This year's production "should be very similar to last year's figures," that is, "around 200,000 tonnes," the president of the pera-rocha producers (ANP), Domingos dos Santos, told Lusa.
Produced mainly between Mafra and Leiria, there could potentially be a drop in production in southernmost areas, where pear tree stenphiliosis (a fungus that causes brown spots on the fruit), due, on the one hand, because they are more humid areas and, on the other, because of the atypical summer weather.
Approximately 60% of production is exported with Brazil, the United Kingdom, France, Germany and Morocco being the five main destinations.
Market concerns this year relate to the markets of Brazil, where the critical economic situation will reduce consumers’ ability to purchase the fruit, and to the UK market.
The ANP has "some apprehension about an uncontrolled Brexit," which could force it to "apply the World Trade Organization's customs tariff, in which case the fruit will become more expensive," and less accessible to consumers with "less purchasing power," the president said.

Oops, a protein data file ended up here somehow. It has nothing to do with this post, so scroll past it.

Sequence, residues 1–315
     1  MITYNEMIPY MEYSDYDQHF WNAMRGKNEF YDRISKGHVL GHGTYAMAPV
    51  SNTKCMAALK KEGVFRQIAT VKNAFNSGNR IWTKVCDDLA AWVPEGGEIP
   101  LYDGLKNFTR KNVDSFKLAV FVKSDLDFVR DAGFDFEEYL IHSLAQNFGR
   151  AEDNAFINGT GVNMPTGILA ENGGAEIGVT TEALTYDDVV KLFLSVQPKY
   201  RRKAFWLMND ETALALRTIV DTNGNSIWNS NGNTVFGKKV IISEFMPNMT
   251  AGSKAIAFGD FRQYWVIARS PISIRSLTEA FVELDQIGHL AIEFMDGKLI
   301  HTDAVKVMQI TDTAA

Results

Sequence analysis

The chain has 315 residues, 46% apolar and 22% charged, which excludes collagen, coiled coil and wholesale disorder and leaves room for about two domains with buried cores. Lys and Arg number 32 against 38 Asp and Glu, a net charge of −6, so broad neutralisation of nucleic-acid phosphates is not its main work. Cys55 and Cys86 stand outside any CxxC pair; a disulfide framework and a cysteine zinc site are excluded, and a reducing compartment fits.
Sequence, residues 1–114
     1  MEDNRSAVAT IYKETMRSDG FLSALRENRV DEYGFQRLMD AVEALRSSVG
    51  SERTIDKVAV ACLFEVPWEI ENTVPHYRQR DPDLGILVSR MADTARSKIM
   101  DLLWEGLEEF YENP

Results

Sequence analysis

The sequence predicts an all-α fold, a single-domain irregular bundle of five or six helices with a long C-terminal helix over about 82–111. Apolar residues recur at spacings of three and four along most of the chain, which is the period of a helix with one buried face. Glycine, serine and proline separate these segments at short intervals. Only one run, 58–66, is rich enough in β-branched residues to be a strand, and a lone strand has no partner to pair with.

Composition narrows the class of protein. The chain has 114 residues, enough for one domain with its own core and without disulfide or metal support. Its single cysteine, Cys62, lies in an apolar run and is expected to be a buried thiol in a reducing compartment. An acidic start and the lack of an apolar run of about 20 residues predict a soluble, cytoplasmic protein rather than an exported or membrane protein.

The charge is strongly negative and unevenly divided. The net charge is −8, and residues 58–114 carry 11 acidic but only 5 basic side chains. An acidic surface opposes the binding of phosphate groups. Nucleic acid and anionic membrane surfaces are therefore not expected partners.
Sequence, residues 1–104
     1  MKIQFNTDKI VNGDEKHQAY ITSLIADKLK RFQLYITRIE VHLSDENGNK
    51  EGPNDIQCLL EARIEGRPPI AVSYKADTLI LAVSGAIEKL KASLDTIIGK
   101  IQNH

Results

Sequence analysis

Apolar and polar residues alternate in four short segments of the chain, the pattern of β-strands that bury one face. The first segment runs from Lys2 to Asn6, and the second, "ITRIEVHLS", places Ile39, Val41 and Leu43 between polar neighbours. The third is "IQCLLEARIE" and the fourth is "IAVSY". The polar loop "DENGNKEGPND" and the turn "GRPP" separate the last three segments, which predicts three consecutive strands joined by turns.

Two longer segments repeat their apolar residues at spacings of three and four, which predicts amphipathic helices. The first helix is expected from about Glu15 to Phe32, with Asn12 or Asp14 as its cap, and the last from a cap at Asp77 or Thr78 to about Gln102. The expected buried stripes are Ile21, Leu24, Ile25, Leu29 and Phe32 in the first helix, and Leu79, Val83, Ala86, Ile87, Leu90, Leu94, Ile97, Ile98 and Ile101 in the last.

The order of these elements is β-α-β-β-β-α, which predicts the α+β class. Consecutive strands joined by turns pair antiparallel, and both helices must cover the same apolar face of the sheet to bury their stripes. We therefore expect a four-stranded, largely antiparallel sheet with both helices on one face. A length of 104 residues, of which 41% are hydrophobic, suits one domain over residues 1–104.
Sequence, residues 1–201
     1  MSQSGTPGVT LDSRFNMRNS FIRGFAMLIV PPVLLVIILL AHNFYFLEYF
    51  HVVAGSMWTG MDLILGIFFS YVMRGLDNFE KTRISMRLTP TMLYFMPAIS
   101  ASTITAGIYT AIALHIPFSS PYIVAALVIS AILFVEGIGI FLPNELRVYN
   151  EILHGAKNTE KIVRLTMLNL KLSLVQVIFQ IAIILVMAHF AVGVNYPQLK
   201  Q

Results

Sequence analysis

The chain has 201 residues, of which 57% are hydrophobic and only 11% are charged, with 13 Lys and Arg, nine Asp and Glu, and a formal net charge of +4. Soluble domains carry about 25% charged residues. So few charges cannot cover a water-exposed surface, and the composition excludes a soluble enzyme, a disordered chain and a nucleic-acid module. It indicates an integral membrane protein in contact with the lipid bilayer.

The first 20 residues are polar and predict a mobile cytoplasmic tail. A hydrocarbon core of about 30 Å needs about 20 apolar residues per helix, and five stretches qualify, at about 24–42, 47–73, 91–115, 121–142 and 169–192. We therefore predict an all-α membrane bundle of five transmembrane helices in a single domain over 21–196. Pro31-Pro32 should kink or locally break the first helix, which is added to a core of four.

Alternatively, the association has already begun to seek new markets, including China, where pears could be marketed in 2020.
Already this year, a Chinese delegation has visited the ANP, which plans in November to "participate in a fair in Shanghai to promote pears" and, at the same time, "to try to shorten the processes relating to phytosanitary protocols" and start "making the commercial part operational".
Since 2003, this type of pear has received a Protected Designation of Origin (PDO), the European Union's seal of approval for the quality and tradition of food and agricultural products.
The ANP has 5,000 member producers and creates 4,700 jobs per year, with more than 15,000 people employed per day during the harvest.